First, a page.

“In the start, it was about the process of identifying our values and developing some hypotheses as to what they were. For that work, I sat down with the management, and we had this process where we worked together to define our values by slowly circumscribing them. It was quite informal but still very professional. A lot of people still get this glazed look in their eyes when we talk about values though. They need to see something first, for instance our pamphlets. It has to be concrete for them. So the point is that it’s about starting with some good results, pointing the way, and then quickly showing some more new results.”
Michael wanted to have the lawyers on board for the idea that they were selling a product to a customer. He thus implemented a message training process, grounded in the principle that, when interacting with the customer, the lawyer needs to be able to clearly communicate exciting stories about the work. This is not necessarily easy for lawyers who are trained in delving down into complex problems and who perhaps even work best with a more professionally introverted approach.
Even though we are not discussing extreme creativity here, it is clear that Michael’s ideas were new to the lawyers, who were unwilling to accept them without good reason. They needed concrete results and feedback first.
Michael explains that they also began measuring the company’s familiarity ratings, and as these increased, the lawyers were able to see that the ideas in question perhaps were not so crazy after all. Creativity is not just a matter of throwing out wild ideas but is also about realizing new ideas in a given social practice. And Michael does not feel that one can begin a creative process by presenting a project proposal. Instead, it is results that motivate and inspire – at a law firm at any rate.
Obstacles on the courseThe process has not been without its complexities. Michael admits that he had not foreseen the extent to which some of the lawyers would struggle to master it.
“But for me, it was a question of being proud of the values we actually have. We have some customers who choose us because we do something different. We have more fun. We’re informal, and we approach one another directly. It’s always been like that. The only thing that’s new, really, is that we’ve become conscious of this and use it as a sort of parameter of competitiveness.”
Creative processes can clarify that which already exists and can contribute to making existing skills and values more obvious – including those of mood and informality. The aim has also been to show that the change was not necessarily extreme but instead involved a clarification of existing values. At the same time, it is difficult to become something that one is not, so the idea of turning the lawyers into pure salespeople would have been an unrealistic goal in the first instance.
Yet Michael also stresses that the work has been challenging because the message training process and the unanticipated activity contributed to signalling that “those who go out and fetch the food are more important than those who’ve prepared it.” It has been made clear that the social and creative skills deployed when dealing with customers are those that make the difference. Those lawyers who are professionally skilled at law but lack social skills have had a harder time of it. Instead, it was only those who were interested who attended the sales courses – in the hope that they would later act as culture bearers. The balancing act thus consisted of reaching those who wanted more of a sales orientation while ensuring a place for those lawyers who were more at home behind a desk than meeting with customers – or as Michael puts it, “to create a mutual understanding between ‘hunters’ and ‘farmers’ at the company.”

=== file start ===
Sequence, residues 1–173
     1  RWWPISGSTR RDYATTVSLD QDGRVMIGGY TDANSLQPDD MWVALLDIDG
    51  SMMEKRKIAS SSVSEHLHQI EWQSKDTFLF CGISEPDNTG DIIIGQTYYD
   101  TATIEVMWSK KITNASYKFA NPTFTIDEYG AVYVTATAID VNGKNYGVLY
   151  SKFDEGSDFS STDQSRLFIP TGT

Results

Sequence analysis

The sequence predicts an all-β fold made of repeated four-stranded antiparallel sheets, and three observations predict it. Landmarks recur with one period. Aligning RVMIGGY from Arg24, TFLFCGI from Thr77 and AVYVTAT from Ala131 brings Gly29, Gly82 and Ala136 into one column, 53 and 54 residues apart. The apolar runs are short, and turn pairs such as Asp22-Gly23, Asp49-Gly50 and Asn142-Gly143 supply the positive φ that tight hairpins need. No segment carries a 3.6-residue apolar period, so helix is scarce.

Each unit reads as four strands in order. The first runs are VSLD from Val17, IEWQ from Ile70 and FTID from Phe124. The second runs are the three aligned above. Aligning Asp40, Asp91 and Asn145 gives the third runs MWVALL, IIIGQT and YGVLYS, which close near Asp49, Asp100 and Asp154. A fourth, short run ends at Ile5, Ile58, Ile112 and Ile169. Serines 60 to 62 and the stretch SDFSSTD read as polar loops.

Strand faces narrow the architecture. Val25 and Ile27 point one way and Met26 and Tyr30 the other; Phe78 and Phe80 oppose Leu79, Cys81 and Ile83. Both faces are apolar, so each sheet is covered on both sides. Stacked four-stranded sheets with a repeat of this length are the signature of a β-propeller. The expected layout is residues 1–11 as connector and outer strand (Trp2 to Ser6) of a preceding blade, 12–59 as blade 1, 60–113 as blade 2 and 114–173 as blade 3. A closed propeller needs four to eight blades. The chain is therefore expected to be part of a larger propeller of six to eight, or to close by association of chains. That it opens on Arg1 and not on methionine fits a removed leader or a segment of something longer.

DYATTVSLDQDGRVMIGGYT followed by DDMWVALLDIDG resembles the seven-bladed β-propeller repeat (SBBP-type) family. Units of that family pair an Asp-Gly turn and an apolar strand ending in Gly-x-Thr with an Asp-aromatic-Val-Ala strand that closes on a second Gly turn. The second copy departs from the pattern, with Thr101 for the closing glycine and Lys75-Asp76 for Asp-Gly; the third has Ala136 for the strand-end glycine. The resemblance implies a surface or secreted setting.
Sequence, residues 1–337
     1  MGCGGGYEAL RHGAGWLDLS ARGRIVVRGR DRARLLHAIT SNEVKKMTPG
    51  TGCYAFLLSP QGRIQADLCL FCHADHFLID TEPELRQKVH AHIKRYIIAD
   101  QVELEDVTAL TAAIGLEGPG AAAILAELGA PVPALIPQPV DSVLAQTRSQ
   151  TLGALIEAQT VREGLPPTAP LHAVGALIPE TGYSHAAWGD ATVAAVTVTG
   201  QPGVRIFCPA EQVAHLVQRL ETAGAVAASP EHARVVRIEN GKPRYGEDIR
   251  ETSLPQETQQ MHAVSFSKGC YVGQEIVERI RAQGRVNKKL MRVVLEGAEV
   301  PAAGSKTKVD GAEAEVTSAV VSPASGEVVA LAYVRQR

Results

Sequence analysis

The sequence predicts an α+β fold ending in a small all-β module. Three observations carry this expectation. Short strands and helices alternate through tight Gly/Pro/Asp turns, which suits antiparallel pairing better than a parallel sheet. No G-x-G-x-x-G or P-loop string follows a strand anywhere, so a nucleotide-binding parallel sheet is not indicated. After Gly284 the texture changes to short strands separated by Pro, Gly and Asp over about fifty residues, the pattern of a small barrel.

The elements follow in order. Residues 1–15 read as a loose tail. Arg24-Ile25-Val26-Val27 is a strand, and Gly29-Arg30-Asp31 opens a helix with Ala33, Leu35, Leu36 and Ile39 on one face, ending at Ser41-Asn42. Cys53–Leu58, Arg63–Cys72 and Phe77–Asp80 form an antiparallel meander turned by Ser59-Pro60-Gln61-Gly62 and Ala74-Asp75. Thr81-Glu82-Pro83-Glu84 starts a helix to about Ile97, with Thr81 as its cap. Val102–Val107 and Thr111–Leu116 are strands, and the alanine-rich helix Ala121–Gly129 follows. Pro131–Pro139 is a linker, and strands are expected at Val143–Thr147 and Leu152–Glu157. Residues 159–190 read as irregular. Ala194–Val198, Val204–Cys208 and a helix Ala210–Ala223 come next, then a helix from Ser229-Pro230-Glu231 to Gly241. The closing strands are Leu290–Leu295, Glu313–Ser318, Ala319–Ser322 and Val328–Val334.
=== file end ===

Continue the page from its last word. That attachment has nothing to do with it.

Leadership of creative processes
During the interview, Michael shows a keen awareness of both the partners’ and his own roles in the process. “We’re really bad at celebrating our successes,” he says. “I sometimes felt just completely worn down. I’ve been on the verge of conking out.” Michael explains that he was sometimes basically the only one to believe in the process and that he could have used some support. Supportive individuals can be vital for truly spreading a creative culture.
“I wanted the partners to be culture bearers and to get them to understand that they were the leaders, the ones setting the tone, and that their behaviour would make our goals clear. It’s not something to which they’d ever attributed much importance. It was simply a matter of skilled lawyers becoming managers.”
So the process itself created a sort of awareness of the leadership role for both the partners and for Michael himself. He emphasizes that, if he did it all over again, he would seek to secure more involvement and co-ownership but that he remains convinced that the key is to present results and maintain a large degree of top-down management. Michael has, however, learned that he needs to ensure that those who are involved gain a sense of co-ownership over the idea.
“We don’t view ourselves as creative, and as far as I’m concerned, we don’t need to be. We’re business people who are driven by the market to think in new ways.”
Michael Valentin is in no doubt that he is a businessman who makes use of creative resources to achieve his goals. He has understood the importance of creativity in today’s complex workplaces, has diagnosed a complex problem (customer focus is too low among lawyers), and has managed to effectively respond to the demands of the future. He has also formulated a visionary strategy, considered what is possible in practice, and made important choices about how and when to involve employees in decision making. “In 2020, a law firm will be something completely different to what it is today. More customer, less client. More solution, less law.”
We have learned from LETT and Michael Valentin that leaders need to take the lead in creative work. Maybe there is even a degree of “fake it till you make it” at play.
It is about beginning to act like someone who is creative, especially if you wish to create a more creative and innovative company and organization.